Bailey said the problem is on a national level, where no one seems to be doing anything about a condition in which millions of Americans remain out of work.
If Bailey’s role was to spell out a tough situation, Bennett’s was to outline what might be done about it on a regional level. Bennett centered her comments on the types of programs and strategies her organization is deploying to train and connect people to jobs.
The Southwest Washington Workforce Development Council, whose partners include SEH America and PeaceHealth, is working toward numerous goals aimed at boosting the regional talent pool, Bennett said. They include connecting students to employers, retraining workers and improving the workforce in targeted industries: manufacturing, health care and information technology.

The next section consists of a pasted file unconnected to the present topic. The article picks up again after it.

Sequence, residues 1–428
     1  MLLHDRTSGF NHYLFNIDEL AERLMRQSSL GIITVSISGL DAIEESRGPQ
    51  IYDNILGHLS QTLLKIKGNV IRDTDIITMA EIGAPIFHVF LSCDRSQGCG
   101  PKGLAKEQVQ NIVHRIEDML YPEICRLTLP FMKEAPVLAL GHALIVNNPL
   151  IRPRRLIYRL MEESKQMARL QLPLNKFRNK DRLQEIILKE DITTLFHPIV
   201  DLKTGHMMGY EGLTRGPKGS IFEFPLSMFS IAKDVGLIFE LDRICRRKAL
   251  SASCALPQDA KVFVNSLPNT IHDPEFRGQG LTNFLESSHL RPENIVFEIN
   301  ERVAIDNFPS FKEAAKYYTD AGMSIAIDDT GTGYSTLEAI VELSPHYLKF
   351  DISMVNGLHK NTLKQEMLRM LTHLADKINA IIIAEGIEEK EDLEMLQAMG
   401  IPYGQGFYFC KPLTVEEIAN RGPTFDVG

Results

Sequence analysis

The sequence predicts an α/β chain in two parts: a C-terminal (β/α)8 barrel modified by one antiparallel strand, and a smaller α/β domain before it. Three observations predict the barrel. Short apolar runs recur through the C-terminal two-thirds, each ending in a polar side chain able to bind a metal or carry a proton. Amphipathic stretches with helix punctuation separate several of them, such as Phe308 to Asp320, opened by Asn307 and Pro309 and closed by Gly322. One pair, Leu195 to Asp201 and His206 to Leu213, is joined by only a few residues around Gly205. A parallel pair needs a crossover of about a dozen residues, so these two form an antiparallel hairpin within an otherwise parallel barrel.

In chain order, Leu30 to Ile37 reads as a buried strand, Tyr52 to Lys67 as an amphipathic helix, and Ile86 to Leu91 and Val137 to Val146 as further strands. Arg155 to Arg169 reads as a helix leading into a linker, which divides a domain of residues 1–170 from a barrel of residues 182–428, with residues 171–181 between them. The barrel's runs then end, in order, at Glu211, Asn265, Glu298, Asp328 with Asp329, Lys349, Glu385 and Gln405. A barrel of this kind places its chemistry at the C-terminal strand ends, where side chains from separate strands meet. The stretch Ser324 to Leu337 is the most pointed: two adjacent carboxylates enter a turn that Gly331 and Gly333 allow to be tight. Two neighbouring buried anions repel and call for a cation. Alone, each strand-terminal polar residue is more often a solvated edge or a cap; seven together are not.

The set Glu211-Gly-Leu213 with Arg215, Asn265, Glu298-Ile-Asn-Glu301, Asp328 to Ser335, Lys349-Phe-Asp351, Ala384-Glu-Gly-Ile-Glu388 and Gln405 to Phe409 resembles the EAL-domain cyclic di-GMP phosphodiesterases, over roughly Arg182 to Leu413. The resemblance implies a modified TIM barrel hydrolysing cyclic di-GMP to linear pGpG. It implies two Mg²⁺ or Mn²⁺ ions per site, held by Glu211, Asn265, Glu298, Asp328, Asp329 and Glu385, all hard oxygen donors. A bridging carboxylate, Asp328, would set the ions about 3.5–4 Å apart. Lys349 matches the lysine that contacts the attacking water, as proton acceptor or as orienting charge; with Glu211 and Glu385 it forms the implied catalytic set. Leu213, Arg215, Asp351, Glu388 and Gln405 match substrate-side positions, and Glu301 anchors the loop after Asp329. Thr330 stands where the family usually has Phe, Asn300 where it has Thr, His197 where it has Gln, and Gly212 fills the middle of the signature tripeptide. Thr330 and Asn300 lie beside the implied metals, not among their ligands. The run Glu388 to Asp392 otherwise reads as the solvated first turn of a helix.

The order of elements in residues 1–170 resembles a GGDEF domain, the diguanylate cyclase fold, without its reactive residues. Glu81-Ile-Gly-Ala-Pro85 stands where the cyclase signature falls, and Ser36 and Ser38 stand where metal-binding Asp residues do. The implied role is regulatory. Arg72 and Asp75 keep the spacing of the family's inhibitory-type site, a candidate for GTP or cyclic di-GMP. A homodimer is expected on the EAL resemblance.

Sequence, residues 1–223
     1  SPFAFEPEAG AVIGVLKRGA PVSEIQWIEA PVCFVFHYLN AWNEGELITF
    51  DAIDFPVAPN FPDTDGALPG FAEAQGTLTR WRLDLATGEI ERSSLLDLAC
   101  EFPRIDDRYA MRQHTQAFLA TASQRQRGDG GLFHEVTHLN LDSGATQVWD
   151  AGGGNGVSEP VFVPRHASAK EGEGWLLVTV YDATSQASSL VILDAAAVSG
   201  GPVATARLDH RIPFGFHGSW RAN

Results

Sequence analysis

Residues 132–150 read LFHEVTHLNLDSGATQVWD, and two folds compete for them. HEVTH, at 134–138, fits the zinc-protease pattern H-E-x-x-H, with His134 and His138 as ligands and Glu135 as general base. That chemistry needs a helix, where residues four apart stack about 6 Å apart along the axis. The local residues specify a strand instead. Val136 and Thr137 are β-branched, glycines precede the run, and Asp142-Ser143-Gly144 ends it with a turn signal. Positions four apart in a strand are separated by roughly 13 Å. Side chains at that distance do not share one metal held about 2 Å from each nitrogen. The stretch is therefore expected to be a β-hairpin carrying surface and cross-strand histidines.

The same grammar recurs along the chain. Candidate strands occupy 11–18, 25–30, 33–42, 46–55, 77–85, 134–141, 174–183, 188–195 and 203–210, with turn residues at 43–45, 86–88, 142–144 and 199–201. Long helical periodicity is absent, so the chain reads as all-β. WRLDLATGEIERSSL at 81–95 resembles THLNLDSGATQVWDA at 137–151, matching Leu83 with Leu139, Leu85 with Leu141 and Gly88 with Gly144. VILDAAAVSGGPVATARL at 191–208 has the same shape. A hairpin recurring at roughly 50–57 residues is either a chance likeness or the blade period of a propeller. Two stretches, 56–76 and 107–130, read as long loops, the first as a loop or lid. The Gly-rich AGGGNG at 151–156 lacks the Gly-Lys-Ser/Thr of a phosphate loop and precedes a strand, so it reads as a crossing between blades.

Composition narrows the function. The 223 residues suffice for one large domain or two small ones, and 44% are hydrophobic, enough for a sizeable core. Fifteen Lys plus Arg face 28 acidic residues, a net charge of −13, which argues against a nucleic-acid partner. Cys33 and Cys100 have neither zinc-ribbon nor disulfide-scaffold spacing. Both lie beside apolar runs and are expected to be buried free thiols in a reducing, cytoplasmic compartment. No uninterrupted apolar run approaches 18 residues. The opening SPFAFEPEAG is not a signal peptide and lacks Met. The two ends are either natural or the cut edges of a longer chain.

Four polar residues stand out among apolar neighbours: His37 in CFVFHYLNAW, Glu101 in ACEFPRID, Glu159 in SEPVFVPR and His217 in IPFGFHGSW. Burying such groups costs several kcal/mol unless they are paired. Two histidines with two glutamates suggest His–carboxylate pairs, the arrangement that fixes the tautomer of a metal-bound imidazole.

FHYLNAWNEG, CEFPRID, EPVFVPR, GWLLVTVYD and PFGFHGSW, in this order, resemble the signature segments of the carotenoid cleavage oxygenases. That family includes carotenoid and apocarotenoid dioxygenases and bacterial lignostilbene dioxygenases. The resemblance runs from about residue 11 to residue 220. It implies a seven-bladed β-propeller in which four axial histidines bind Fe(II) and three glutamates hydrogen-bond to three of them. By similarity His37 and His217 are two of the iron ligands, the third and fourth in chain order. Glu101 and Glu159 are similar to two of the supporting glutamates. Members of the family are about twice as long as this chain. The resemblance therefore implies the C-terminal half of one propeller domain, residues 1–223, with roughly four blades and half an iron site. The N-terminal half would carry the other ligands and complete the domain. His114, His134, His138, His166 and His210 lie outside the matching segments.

One major objective is to prepare the region’s workforce for a growing number of jobs in science, technology, engineering and math, or STEM, industries, Bennett said.
To that end, the Southwest Washington Workforce Development Council plans to convene “STEM Fest 2013” in September. The event (http://www.stem-fest.com/) is intended to increase students’ interest in local STEM businesses and careers by providing real-world, hands-on activities.